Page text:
11. UNIT 0 Speak to us of Teaching UNIT 5 Assessing TBLT UNIT 2 Models for LT UNIT 1 What is TBLT? UNIT 3 What is a task? UNIT 4 Implementing TBLT Course Structure Problem Input Major Problem Pre Task Task Post Task

  12. Framework for TBL in Teacher Education (Puren) STATEMENT OF A PROBLEM Approached from teachers´ representations or beliefs about that problem I N P U T Through articles, models, interactive activities, online presentations engaging teachers in constant reflection and search INDENTIFICATION OF A MAJOR PROBLEM Attempt to solve a problem  a major problem (no unique, universal solution)

  13. Course Components • Course platform: units, personal folder, forum, gallery, tools (progress log, evaluation rubrics, course schedule, peers’ profile, etc.)

  14. Course Components (cont.) • Tasks which promoted collaborative work and interaction at different levels: • Tutor-student: folder • Student-student: forum • Student-content: interactive activities

  15. Course Components (cont.) • Samples of TBL implementation: interviews with implementers

  16. Course Components (cont.) • Free online articles, books, books or articles summaries • Constant cycles of self-evaluation

  17. The Online Course • Unit 0 • Unit 1 • Unit 2 • Unit 3 • Unit 4 • Unit 5

  18. Preliminary Results Feedback Questionnaire

  19. Course strengths • Organization • 5 sts: very well organized • 1 sts: some aspects were, others weren’t (tech. sup.) • Objectives • 6 sts: were reached and went beyond my expectations • Content • 6 sts: was very good, very useful and relevant to my teaching practice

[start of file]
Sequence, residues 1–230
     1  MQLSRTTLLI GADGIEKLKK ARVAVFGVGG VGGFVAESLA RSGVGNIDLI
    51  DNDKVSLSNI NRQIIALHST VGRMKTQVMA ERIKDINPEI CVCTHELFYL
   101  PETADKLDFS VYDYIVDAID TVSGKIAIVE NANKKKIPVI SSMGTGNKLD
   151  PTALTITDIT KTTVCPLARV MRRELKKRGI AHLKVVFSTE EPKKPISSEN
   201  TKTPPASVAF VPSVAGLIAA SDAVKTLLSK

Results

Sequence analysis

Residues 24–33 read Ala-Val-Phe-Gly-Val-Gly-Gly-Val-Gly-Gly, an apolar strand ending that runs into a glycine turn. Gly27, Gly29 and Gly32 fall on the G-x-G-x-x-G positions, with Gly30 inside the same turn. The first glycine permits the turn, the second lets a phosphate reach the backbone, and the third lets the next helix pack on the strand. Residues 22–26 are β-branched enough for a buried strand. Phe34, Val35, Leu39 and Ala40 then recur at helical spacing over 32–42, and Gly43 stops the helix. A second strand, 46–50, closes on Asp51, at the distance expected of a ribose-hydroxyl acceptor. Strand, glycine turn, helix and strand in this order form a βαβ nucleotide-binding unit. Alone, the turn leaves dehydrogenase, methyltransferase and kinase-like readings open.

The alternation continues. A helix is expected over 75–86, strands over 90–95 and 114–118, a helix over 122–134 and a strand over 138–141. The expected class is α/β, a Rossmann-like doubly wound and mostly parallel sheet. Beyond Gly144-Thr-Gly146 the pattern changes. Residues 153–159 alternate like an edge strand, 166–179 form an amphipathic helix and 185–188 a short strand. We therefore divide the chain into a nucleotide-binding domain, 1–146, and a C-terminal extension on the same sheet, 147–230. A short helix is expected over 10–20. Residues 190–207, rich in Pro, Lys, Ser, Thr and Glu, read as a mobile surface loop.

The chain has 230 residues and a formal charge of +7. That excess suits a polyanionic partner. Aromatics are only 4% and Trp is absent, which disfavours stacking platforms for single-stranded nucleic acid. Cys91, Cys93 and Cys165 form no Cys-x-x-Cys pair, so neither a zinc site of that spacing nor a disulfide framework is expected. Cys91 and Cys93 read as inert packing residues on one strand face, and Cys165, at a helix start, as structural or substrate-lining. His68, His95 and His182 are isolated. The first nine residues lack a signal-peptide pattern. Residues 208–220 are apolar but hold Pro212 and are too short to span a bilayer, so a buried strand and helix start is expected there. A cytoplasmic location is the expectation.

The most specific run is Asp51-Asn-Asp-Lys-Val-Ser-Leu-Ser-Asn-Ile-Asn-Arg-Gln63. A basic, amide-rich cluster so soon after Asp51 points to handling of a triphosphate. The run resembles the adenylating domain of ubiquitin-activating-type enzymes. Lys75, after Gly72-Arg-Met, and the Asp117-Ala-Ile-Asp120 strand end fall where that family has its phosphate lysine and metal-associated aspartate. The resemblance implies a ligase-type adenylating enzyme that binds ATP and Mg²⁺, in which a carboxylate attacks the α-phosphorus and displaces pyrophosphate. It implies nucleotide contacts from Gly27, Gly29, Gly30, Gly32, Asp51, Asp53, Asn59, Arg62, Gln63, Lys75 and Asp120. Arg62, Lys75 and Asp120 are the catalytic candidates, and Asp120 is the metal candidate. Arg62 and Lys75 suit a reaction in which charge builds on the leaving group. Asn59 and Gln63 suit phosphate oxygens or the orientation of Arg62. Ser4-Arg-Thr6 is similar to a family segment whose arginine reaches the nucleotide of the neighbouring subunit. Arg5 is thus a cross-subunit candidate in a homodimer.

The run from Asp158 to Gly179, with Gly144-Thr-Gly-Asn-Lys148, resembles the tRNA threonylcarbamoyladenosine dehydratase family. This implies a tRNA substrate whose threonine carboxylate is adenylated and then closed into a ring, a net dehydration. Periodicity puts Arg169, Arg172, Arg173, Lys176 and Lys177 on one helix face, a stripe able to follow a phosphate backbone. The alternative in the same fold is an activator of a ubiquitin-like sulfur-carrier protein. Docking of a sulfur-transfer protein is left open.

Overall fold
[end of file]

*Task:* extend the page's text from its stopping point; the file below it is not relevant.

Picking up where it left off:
20. Course strengths (cont.) • Materials • 6 sts: very useful and illustrative • Evaluation criteria • 6 sts: very adequate • Evaluation rubrics • 6 sts: were useful and clear to understand what was expected from me in each of the activities

  21. Interesting Useful Seed for new projects At the cutting edge Motivating Very good It invited me to reflect and improve my classes Innovative Edifying Recommendable Attractive and fruitful It overcomes teachers’ isolation at work Excellent course Educational Some times tiring Course impressions

  22. Things to improve • Time allotted to different units • 3 sts: enough • 2 sts: more time should be allotted to each unit • 1 sts: limited, some units needed more time (planning a TBL lesson, designing/transforming a task, implementation) • No. of activities assigned for each unit • 5 sts: enough • 1 sts: too many

  23. Things to improve (cont.) • Kinds of problems you found in the course • 6 sts: technical (folder was not working properly, lack of support from technician) • In future courses • 3 sts: WWW resources should be better exploited • 2 sts: it was ok for me • 1 sts: audio, video-tapes and/or CDROM should be included

  24. Suggestions for the course • Improve technical problems • More time should be considered for some activities • Reduce a couple of readings, specifically in unit 4 (implementation) • Course schedule should be extended to assimilate contents better